Fairy Tales & Mythology: Eden’s Picks

For this month’s Books & Bites podcast, we discussed books inspired by fairy tales and mythology. Listen to the full episode, or read below for my recommendations.


18798983The Wrath & the Dawn by Renee Ahdieh 

This is a Young Adult Fantasy novel inspired by A Thousand and One Nights, a classic collection of Middle Eastern and Indian stories. One of the most well-known stories is that of Scheherazade, who gives herself in marriage to a King who is known to murder a new wife every morning. Scheherazade tells the King a story in the evening, but leaves it unfinished, so that the King will spare her in order to hear the end of the story the next evening and so save herself and future wives. This book is a retelling of that story.

In Renee Ahdieh’s debut novel, the land of Khorasan is ruled by a monstrous boy-king named Khalid. When our heroine Shahrzad’s best friend falls victim to Khalid’s murderous hands one morning, the girl vows vengeance and volunteers to be his next bride, against the wishes of her friends and family. Each night Shahrzad captures the young Caliph Khalid’s attention with her stories, attempting to stop the murders and save herself and her people. But as many nights pass, Shahrzhad finds herself inexplicably falling in love with Khalid, who is nothing like what she expected. Meanwhile, war is brewing between Khorasan and the surrounding countries, and Shahrzad’s father and childhood friend are tied up in the conflict.

This novel’s biggest strengths are the world that Ahdieh created and the strong characters. The world-building in this fantasy novel is fantastic, and the characters have incredible depth. I’ve read it twice, and plan to reread the entire series again this year. The second book is called The Rose and the Dagger, and along with two short stories, completes the series. It’s one of my absolute favorite retellings, and I highly recommend it for fans of YA fantasy or romance, or those looking for something very magical and exotic. 


16113606Of Beast and Beauty by Stacey Jay 

Although this is an older Young Adult novel, it will always be one of my favorites. It was possibly the first fairy tale retelling I ever read. It’s a retelling of the classic Beauty and the Beast tale, set in a brand new fantasy world and with some unique sci-fi elements as well. Stacey Jay is an incredible author with a real talent for building a fantasy world that feels real, and populating it with characters that make readers feel like they’re really inside the pages of the book.

The world of this novel is divided—the Smooth Skin people live inside the domed city of Yuan, while the Monstrous live outside it in the desert. The main characters are the blind Princess Isra, who is raised from birth to be a human sacrifice whose death will keep her city safe, and the mutant beast Gem, who fights to save his own people from constant starvation. However, the people of the city and the desert are not completely separate—in the city are the Banished, those who have Monstrous traits and are despised for it. Princess Isra wants to get them better treatment, but she is shunned by her family because of it, and has very little power.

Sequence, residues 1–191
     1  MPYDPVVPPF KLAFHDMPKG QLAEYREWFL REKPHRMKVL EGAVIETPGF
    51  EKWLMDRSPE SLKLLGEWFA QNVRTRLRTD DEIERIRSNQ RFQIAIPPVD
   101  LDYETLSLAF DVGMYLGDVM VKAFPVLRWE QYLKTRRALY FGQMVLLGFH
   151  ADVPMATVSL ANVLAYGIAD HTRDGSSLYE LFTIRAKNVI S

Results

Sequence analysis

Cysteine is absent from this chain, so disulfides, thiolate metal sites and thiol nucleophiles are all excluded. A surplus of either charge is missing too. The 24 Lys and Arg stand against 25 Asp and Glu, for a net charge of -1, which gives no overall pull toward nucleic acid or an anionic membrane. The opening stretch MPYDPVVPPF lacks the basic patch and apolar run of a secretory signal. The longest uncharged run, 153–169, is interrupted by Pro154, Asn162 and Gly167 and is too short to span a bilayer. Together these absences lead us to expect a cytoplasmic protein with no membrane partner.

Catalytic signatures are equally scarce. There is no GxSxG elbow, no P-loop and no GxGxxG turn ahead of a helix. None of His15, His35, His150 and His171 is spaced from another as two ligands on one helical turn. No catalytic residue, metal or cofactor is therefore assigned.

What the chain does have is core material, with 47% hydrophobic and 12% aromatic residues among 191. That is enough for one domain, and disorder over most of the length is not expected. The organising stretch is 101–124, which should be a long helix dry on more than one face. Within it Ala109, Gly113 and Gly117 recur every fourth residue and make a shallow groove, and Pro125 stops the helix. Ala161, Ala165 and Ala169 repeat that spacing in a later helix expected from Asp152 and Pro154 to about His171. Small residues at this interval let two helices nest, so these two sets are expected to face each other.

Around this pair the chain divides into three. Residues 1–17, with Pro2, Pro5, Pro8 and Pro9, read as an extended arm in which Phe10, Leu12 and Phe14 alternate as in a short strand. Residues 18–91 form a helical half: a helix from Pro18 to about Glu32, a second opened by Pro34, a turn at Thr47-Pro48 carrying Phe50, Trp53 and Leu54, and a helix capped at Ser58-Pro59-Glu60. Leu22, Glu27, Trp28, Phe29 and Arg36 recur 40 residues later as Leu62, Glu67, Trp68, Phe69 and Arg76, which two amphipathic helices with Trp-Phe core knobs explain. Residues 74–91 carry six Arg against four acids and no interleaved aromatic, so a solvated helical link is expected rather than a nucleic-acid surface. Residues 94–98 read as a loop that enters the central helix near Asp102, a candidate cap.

Then she encounters Gem, a Monstrous man who was caught trying to steal the palace’s enchanted roses. As she cares for the prisoner, Isra starts to question everything she was brought up to believe. After that, both Isra and Gem have to make tough choices about whether to stay loyal to their families, how to protect their people, and what to do about this newfound and strange friendship that has formed between them. 

While this retelling of Beauty and the Beast might not be for everyone, I highly recommend it for fans of the classic tale, and those who liked The Lunar Chronicles by Marissa Meyer, the Matched series by Ally Condy, or Across the Universe by Beth Revis. 


12357615Shadows on the Moon by Zoe Marriott 

This is another Young Adult fantasy story set in historical Japan, and it’s a fairy tale reminiscent of “Cinderella.” The classical storytelling style of this novel is very refreshing, as is the historical Japanese setting. I really enjoyed the way this novel was not only complete in its storytelling—it’s only a single book—and that the world is also very real and concrete. I felt like I was really transported away to a long-ago magical Japan, and I couldn’t keep myself from thinking about the story even after I had closed the book or finished a chapter. 

It’s about a girl named Suzume, who is trained in the magical art of shadow-weaving, meaning that she can recreate herself in any form. Suzume is constantly on the run from her tragic childhood, and no one knows who she really is. She could be a noble girl living under the tyranny of her mother’s new husband, Lord Terayama; or she could be a lowly servant trying to survive the hardship of Lord Terayama’s kitchens. Or perhaps Suzume is actually the mysterious Yue, the most beautiful courtesan in the Moonlit Lands. Suzume has many identities that she uses to survive and work towards her goal—revenge. She uses her power to steal the heart of a prince in order to exact revenge for her past and her family, and she just might find out some hard truths along the way about her past and herself.